Plywood Kayaks

Recently I became interested in building small boats out of plywood. This was partly due to the relatively low expense of such projects, partly due to my unfulfilled nautical inclinations while living in the midwest, and partly because I don’t have nearly enough unfinished projects going already. I initially was thinking of a small plywood cuddy cabin cruiser, around 16ft or so. This would fall just under Minnesota’s title requirements, and be small enough to transport by trailer with my Rustmobile (estimates of its towing capacity range from zero down into the negatives by informed teenagers on plastic spoiler forums).

Another interesting fact related to this project: When my Dad first started commercial salmon trolling in Alaska, he built a small hand trolling dory out of plywood. It was barely large enough to sleep in, was powered by a 7.5hp outboard, and eventually made him enough money to buy a larger boat. Here’s a picture of the dory, in what looks like Soapstone cove:

I got together with some friends and decided that a 16ft cruiser was probably a bit much for a first boat project, so we began with small single-person kayaks instead. I did manage to pick up another antique Johnson outboard on craigslist for the eventual cruiser though!

The kayak plan involved quite a bit of research into online boat plans, plywood construction, and similar projects created by other people. In the end I just decided to fake it as I went along, cutting out rough hull sections and combining them into simple flat-plane shapes. No fancy compound curves or chines for us! I did use a lot of reference photos of plywood canoes and kayaks online, but I didn’t feel like spending $20-$100 on plans that I could sketch out on bar napkins for free.

Some sketches, and an attempt to remember trig.

Finally we just went ahead and started slicing up sheets of plywood, our first boat is a little rough, was initially very topheavy before we cut down the freeboard, and is too short for me to fit in.

The second try is a little better thought out. We stuck two pieces of plywood together to make longer hull sides and a bottom, and made multiple bulkhead/brace pieces for a smoother shape. Like the first design, this boat will be sealed around the seams with fiberglass cloth and waterproofed with epoxy. I plan to put top decks on both of them as well, leaving kayak-style cockpits for the paddler. That way we’ll have sealed dry compartments for storage and flotation, as well as be able to take some rougher water. I don’t expect these to be high-performance or anything, but they should work well on the midwest’s rivers and lakes.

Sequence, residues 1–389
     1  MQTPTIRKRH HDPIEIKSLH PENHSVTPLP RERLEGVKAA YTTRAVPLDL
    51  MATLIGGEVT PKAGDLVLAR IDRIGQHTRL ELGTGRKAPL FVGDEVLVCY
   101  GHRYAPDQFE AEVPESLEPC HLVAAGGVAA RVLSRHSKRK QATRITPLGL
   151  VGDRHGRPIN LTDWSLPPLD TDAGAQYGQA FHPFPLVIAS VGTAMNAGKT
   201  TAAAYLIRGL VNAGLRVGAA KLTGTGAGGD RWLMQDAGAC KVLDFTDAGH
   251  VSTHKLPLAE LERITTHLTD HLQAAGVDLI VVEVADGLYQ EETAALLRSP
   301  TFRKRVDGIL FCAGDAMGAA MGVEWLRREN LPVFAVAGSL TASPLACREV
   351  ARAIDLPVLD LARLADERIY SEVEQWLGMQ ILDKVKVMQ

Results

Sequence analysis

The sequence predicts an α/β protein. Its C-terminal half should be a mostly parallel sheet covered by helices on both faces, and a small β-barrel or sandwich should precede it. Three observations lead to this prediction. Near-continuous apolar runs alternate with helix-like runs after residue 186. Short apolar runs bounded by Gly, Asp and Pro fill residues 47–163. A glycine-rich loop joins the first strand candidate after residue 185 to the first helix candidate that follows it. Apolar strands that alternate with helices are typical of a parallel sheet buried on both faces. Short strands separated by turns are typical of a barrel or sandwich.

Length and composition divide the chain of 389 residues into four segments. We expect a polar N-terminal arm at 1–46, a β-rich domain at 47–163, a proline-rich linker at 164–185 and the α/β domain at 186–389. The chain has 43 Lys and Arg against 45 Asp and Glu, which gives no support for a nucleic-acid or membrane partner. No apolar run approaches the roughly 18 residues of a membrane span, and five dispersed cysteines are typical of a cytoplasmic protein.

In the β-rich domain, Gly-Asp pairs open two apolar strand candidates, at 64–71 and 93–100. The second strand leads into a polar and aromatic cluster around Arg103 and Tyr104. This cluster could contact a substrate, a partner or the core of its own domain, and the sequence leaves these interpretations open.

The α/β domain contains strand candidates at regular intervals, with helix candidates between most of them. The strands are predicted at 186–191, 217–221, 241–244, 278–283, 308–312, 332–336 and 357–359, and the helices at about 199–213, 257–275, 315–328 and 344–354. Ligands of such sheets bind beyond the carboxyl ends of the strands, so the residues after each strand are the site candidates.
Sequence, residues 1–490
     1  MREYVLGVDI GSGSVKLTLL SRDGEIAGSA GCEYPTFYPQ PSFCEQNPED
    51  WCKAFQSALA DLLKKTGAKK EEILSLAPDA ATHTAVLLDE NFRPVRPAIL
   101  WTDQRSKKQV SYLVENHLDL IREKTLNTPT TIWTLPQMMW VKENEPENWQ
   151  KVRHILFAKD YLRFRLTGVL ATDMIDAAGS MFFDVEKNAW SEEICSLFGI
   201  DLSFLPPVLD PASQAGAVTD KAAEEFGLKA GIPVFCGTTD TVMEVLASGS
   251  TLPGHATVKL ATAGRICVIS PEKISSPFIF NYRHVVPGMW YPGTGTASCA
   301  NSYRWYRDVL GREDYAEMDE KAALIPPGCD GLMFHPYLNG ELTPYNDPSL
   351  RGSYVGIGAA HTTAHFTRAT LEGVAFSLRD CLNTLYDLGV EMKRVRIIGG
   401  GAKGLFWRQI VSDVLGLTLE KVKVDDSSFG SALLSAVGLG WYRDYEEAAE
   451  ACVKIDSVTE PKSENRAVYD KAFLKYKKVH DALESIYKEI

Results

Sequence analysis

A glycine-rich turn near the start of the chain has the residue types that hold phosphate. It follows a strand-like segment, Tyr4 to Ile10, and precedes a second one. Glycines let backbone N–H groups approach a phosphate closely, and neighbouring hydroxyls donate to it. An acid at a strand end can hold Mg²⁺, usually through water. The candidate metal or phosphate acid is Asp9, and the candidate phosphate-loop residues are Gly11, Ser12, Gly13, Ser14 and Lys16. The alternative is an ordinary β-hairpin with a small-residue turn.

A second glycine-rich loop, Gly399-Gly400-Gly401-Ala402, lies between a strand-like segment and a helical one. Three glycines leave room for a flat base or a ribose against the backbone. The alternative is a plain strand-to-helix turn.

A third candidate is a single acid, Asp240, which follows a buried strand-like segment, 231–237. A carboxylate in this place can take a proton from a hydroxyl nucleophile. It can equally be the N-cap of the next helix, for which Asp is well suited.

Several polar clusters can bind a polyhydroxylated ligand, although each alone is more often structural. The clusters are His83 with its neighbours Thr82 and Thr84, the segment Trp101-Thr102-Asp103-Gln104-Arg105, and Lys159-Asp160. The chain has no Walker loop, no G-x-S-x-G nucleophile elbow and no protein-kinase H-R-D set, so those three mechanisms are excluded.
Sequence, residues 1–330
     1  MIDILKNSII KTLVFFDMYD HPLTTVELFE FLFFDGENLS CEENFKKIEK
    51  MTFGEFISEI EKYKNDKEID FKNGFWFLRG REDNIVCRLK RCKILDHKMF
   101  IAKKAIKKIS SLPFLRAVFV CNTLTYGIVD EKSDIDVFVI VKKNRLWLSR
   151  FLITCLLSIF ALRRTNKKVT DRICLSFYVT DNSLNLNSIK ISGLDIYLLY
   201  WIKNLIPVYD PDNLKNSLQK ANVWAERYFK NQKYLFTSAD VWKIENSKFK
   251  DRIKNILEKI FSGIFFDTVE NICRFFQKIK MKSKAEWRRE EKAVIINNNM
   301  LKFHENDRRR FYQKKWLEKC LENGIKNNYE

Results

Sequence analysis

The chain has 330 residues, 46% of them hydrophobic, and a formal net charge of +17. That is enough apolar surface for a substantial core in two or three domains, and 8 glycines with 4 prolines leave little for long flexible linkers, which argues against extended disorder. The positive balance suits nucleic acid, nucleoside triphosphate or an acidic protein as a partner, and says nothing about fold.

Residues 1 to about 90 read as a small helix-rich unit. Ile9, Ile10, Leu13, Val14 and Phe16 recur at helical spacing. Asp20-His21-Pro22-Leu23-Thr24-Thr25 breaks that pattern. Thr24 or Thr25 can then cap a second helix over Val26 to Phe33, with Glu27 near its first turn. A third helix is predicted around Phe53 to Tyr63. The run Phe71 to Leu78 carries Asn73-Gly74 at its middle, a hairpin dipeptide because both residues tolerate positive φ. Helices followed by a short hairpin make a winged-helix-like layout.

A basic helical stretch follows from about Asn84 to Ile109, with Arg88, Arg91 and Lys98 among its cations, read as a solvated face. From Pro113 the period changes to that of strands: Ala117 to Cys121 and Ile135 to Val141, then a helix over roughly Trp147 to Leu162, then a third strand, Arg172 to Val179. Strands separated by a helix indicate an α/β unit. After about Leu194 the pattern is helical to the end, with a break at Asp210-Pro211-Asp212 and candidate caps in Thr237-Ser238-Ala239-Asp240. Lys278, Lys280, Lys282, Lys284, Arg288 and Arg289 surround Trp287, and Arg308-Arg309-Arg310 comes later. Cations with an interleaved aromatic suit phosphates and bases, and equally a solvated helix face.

We dumpster-dived part of the plywood, and ended up with one bulkhead that proclaims “Jason is cool hot!”. We also dumpstered enough PVC pipe to make a wicked potato cannon, which will be another update whenever I get around to uploading the photos.

A recent test of the larger kayak. As usual, updates will come (maybe) as the project progresses.



For those who are interested in more details, here are a few websites that offer plans, design ideas, photos, and other info on small plywood boats:

Bolger Boats: Lots of great simple designs.
One Ocean Designs: Some more complex designs.
Glen-L Marine:Another simple design with plans for sale.
Simplicity Boats:And even more simple designs for plywood boats.
Two-part rowboat: An easy-to-transport rowboat design.
Duckworks Baby Canoe: A really fancy miniature canoe.
Lake Pepin Messabout: A whole lot of homemade boat enthusiasts.
Hannu’s Boatyard: A lot of “one-sheet” plywood designs.
Free Boat Designs: A few more one, two, and more sheet designs.

One Response to Plywood Kayaks

  1. […] building. Long-time readers of this site will recall some of my boat projects like the S/V Pagoo, plywood kayaks, and the Craigslist sailboat (update: I sold the small sailboat to the St. Paul Saints as a […]

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